This post has been brewing for a while. It’s a culmination of a few years of using social media channels now, observing the changes in the marketing, communication and HR arenas and a growing frustration in observing companies making social snafus who simply should know better. The recent publishing of the Australian Top Ten PR Disasters, by PR watchdog and blog site,  there’s a very short list of factors that ensure you remain off these lists. Enough is enough!

I’m using the term social business in the way that IBM does.

A Social Business is one that embraces and cultivates a spirit of collaboration and community throughout its organization—both internally and externally.

It’s a deliberate use of term. I think we have moved on from social media marketing or social media use in HR. I think there is a growing recognition that our organisations are hyper-connected and operate within a social ecosystem. Yes, of course, organisations have always existed within a social ecosystem, but I don’t think this has been widely recognised by leaders and management.

The inhabitant of this ecosystem are many and varied and all have the potential to influence the outcomes of our organisations. And while we love to take the technological determinist view that the platforms like twitter, blogging, FB, yammer and youtube are enabling a new type of organisation, I’m just not sure that is enough to explain this shift.

Technology escalates the move to social business, but it is an ethos in operation, and complicit understanding of what it means to be social, that relationships matter and small actions can have massive impact, that is driving the move to social business.

The social ecosystem can be a dangerous place to exist. Those active in social media can be a ferocious and short tempered lot. They are quick to pounce, swift in ridicule and slow to praise. Somewhat unsocial really. It’s a behaviour that doesn’t get rewarded in the workplace, and I guess we can blame the immediacy of the “upload” button. If you felt so strongly to write a condescending snark of a letter about a company to your newspaper of choice you would have to take time to construct it and edit it to ensure that it had a chance of getting through the editor’s filter. And it may not see the light of print.

It’s no wonder that our companies and organisations are slow and reluctant to adopt social business principles. But here’s the rub. With or without social media technologies, if your product or services are lacking, people are already talking about you. And to a lot of people.  Once upon a time we use to trot out the “research shows that one unhappy customer will tell 7 – 9 people” in marketing and customer service seminars in the early 90’. With or without iphones, your employees are going home or meeting friends in pubs and talking about their their place of work – the good, the bad, and the ugly.  Whether you like it or not you are already a social business.  What is left to determine is how good a social business you are.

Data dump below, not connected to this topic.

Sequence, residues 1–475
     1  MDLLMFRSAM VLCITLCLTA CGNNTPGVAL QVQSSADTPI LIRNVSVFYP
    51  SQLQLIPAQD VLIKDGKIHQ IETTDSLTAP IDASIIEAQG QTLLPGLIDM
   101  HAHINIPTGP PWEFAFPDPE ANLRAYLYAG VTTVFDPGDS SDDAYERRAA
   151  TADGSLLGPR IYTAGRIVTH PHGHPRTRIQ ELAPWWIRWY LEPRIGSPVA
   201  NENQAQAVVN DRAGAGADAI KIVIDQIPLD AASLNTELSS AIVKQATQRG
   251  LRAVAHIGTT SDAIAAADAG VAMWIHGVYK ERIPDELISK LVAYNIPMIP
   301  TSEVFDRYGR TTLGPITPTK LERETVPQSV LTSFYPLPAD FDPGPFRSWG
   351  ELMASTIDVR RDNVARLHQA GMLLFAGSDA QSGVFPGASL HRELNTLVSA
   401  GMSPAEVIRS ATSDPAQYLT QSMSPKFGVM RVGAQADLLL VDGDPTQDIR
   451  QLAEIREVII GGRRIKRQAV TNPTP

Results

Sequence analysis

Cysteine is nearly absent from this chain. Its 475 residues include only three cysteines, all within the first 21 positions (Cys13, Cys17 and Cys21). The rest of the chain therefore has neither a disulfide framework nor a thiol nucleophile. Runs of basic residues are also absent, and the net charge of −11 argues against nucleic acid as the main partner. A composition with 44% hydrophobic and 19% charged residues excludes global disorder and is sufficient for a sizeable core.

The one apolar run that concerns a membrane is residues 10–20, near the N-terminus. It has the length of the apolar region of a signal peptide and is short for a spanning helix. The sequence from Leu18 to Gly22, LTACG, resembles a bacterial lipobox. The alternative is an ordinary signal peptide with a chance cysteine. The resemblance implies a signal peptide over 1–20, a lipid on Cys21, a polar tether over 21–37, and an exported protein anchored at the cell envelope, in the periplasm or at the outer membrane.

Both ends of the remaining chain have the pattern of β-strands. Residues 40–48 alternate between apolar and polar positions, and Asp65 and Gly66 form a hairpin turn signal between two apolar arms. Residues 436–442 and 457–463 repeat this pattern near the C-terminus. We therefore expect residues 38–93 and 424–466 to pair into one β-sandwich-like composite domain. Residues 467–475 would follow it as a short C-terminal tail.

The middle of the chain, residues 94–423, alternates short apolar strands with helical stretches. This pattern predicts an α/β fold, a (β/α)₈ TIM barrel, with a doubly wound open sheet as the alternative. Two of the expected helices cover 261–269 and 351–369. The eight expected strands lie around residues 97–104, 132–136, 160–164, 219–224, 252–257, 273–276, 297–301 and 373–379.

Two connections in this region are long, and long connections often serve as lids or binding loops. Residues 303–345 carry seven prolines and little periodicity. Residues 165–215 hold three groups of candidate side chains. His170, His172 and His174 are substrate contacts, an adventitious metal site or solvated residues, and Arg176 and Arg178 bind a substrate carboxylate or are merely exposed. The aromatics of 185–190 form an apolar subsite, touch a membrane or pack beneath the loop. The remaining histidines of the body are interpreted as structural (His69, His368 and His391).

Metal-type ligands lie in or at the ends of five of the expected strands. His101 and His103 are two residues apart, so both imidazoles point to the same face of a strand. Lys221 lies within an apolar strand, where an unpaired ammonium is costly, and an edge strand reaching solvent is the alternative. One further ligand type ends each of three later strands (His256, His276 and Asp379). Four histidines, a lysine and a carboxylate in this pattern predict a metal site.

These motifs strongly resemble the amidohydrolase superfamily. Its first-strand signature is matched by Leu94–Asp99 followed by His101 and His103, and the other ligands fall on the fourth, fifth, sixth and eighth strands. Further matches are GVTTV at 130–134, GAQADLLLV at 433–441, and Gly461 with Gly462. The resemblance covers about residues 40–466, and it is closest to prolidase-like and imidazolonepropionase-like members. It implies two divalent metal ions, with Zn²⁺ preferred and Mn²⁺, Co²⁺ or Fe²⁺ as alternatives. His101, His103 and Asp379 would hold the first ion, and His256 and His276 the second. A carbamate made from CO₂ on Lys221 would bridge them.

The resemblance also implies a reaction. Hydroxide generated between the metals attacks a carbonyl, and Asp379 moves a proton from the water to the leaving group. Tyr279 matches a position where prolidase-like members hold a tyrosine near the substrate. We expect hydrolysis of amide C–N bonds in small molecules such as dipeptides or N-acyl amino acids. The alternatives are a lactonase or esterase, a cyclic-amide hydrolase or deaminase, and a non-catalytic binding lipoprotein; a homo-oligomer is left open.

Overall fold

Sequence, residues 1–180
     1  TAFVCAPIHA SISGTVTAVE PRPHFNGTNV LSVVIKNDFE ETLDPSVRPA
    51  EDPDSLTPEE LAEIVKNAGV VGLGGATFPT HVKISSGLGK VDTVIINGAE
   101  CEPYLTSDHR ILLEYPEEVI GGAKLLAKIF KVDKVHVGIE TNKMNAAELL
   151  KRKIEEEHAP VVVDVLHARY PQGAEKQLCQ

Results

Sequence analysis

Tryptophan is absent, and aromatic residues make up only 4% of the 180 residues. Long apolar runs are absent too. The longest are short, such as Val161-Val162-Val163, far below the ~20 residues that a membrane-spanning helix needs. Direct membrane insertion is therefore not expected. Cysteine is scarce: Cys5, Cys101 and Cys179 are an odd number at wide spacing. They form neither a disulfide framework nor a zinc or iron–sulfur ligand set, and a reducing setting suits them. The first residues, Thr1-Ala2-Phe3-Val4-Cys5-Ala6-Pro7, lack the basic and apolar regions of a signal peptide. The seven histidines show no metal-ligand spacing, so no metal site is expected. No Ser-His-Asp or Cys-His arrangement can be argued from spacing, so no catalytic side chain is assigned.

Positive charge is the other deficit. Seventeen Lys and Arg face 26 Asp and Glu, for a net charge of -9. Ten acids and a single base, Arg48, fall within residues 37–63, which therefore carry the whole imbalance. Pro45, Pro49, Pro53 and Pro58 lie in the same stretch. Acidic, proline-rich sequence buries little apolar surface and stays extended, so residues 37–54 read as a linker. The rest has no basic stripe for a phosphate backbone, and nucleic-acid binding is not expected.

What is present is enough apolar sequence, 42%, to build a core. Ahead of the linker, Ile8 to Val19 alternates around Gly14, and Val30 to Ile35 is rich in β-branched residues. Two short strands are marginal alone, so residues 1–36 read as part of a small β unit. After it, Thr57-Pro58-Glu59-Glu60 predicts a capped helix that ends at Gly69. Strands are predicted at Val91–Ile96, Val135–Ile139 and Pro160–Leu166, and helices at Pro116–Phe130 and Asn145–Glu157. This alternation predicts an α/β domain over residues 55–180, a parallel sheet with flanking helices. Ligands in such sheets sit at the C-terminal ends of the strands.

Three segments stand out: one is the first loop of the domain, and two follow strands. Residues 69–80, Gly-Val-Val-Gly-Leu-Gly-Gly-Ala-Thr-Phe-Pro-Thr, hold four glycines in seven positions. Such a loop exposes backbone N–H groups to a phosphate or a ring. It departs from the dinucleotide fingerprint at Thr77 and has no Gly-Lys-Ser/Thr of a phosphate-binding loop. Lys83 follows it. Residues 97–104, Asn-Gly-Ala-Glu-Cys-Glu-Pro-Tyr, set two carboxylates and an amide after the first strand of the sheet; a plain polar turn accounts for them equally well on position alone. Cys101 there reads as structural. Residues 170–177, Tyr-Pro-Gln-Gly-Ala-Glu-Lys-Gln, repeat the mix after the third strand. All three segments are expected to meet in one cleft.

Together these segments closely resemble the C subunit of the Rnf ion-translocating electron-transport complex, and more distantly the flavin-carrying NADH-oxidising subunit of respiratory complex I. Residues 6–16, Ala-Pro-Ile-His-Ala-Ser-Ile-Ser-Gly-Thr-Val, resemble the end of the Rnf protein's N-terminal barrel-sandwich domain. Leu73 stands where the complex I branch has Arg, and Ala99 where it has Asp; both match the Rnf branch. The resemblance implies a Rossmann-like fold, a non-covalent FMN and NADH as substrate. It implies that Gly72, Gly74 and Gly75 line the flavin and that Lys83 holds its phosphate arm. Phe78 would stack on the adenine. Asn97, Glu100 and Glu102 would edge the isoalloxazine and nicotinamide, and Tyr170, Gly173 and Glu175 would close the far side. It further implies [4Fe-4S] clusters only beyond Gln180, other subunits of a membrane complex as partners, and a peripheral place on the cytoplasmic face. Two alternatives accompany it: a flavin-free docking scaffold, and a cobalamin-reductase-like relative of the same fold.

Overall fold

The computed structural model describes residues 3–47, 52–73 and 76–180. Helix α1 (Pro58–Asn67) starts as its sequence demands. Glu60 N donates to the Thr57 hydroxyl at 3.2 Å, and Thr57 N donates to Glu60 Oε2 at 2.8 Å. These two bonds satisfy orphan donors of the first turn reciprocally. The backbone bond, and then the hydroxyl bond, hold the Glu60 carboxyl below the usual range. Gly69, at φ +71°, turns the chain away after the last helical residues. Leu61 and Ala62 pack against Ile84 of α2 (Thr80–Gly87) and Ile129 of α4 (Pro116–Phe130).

The question that companies and organisations need to ask in 2012 is how much better could we be if….

  • Each employee were able to be an active brand advocate within their social circles
  • Our pool of candidates for recruiting was expanded to those within social networks
  • Our marketing did not need high cost above the line advertising
  • Our product and service development was informed by consumer research without the costly consultancies
  • Our customer services teams could respond to complaints in real time and prevent escalation or snarky stewing…

For some, the answer is a lot better. Others have a captive market and it is unlikely to make much of a difference.

You also need to ask yourself how worse could we do…

  • If the firewalls came down and employees could access social networking sites
  • If our customers had a space to voice their disappointment
  • We lost control of our key benefits and features and gave it over those who really like talking about us

I would argue that if you are truly fearful of these options as an organisation, then you have greater things to worry about than becoming relevant in your business practice.  But I do understand the nervous twitch and the paralysis by analysis. That said, there are four elements that will make it the transition to being a social business easier.

  1. A permissive culture that rewards risk, innovation and exploration
  2. A recognition that your organisation is made of highly interconnected social paths, and the boundary between inside and outside is highly permeable.
  3. A champion, a coach, a mentor or consultant who can translate and ease your into understanding the new ways of working and how you can harness them
  4. A good dollop of common sense.

Without these four elements, you’re possibly going to be on the receiving end of the snarkier side of the social media ecosphere and if everyone unplugged, there would still be some-one telling another seven people about you. If you look at this years’s top ten PR disasters pretty much all of them could have been avoided with the application of the four factors above.



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